For more perspective on the impact a higher cap would have on MPL claims, read Stephen’s article “The end of an era for noneconomic caps?”
In recent legislative proposals in Florida and Georgia, lawmakers have sought to establish a patient compensation system (PCS) as an alternative to litigation for compensating patients with injuries that could have been avoided under alternative healthcare (referred to as “medical injuries” within the legislation).
Proponents say offering a PCS as an alternative to litigation could lead to faster outcomes with claims. Advocates claim that faster claim resolutions and less attorney involvement would ultimately reduce overall costs, while providing access to compensation for more patients. They also argue that this system would benefit claimants with minor injuries, who are frequently excluded under the current system, because their claims generally do not result in the kind of large monetary awards that make taking a medical professional liability (MPL) case cost-effective for plaintiff attorneys.
Can PCSs really provide the many benefits, in cost savings, fairness, greater access, and efficiencies, that their proponents claim? This article by Christine Fleming, Eric Wunder, and Susan Forray offers some perspective.
This article was originally published in Inside Medical Liability, First Quarter 2014.
For more than 30 years, reserve adequacy for the property and casualty (P&C) insurance industry has been highly cyclical, alternating between periods of adverse and favorable reserve development. No one knows for certain what factor or factors cause these swings. It’s commonly thought that internal industry influences—such as claims department practices, changes in pricing, or management decisions—are potential sources. Although we expect these elements do play a role, there’s no evidence to suggest they are the primary reason for the reserving cycle.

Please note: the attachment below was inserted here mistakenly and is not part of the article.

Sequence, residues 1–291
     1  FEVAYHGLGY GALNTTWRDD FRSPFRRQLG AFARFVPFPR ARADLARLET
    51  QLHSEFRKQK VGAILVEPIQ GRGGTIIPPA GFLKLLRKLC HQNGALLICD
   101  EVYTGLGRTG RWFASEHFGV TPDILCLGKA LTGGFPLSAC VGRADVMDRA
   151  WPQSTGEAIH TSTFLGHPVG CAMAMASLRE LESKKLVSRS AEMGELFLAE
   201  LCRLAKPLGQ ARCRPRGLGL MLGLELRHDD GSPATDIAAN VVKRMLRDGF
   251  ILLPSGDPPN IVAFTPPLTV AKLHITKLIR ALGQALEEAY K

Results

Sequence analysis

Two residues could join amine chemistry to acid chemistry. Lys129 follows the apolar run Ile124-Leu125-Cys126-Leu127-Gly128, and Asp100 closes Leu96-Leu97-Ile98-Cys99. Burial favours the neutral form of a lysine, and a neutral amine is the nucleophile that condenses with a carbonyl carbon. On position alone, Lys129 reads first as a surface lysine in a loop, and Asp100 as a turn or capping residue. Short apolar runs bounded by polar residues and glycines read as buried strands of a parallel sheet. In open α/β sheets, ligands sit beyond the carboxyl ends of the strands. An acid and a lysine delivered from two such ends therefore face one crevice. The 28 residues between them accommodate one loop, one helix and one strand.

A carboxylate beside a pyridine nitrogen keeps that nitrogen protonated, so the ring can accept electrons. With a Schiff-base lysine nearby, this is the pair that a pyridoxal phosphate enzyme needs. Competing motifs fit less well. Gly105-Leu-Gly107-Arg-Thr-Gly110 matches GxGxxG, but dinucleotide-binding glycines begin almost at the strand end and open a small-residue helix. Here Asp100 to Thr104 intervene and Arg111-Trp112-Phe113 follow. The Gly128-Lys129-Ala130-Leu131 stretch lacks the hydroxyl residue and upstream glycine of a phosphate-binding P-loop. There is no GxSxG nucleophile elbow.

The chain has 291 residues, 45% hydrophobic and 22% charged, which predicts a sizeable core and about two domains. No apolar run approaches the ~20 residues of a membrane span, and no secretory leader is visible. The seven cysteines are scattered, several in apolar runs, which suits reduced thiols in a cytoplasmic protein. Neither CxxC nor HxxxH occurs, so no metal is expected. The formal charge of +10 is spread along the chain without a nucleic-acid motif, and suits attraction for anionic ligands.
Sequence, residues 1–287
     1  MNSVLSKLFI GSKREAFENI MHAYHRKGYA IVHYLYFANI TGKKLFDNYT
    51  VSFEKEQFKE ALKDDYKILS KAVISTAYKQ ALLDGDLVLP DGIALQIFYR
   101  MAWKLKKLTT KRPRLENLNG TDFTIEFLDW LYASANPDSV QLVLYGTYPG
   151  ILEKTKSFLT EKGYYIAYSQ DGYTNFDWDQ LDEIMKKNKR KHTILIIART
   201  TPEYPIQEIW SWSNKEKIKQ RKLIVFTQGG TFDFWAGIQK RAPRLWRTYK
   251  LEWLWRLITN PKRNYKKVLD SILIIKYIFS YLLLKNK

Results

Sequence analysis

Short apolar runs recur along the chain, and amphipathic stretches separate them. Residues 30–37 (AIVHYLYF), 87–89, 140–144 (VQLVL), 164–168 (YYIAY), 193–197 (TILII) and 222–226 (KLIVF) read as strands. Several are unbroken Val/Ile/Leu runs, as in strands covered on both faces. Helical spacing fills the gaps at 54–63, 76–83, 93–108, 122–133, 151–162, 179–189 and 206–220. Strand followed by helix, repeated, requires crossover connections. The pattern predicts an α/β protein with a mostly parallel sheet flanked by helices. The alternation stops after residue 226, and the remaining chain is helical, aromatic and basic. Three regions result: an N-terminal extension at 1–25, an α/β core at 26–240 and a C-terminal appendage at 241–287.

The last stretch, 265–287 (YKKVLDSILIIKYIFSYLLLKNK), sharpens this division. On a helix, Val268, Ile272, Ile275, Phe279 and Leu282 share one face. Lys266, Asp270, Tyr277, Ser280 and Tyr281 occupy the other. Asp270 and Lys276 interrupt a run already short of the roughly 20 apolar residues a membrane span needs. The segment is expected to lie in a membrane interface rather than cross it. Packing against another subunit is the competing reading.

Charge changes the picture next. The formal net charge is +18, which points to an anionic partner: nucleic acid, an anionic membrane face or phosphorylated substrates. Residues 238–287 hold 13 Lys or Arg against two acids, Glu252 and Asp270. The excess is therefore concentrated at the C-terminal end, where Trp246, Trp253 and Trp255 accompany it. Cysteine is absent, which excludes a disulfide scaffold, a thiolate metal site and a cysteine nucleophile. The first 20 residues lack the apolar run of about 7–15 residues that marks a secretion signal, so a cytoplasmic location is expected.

What few have considered, on the other hand, is the possibility that common methods used by actuaries to determine appropriate reserves may themselves be an important contributing factor to movements in the reserving cycle. In their article “Actuaries and reserve adequacy,” Milliman’s Susan Forray and Zachary Ballweg assess the potentially cyclical behavior of various actuarial reserving methods.
This article originally appeared in the March/April 2014 issue of Contingencies.
It is well-known that the carried reserve adequacy of the property and casualty industry, as a whole, varies significantly across the market cycle. Much less understood is the extent to which this may stem, in part, from actuarial reserving methods. If a material relation exists, any cyclicality in actuarial reserving methods could lead to overestimated or underestimated reserves, thus exacerbating the market cycle.
This paper authored by Susan Forray and Zachary Ballweg assesses the potentially cyclical behavior of various actuarial reserving methods. These include the paid and incurred (i.e., paid plus case) chain ladder, Berquist-Sherman, and Munich Chain Ladder methods.
Originally published in the Casualty Actuarial Society E-Forum, Fall 2013.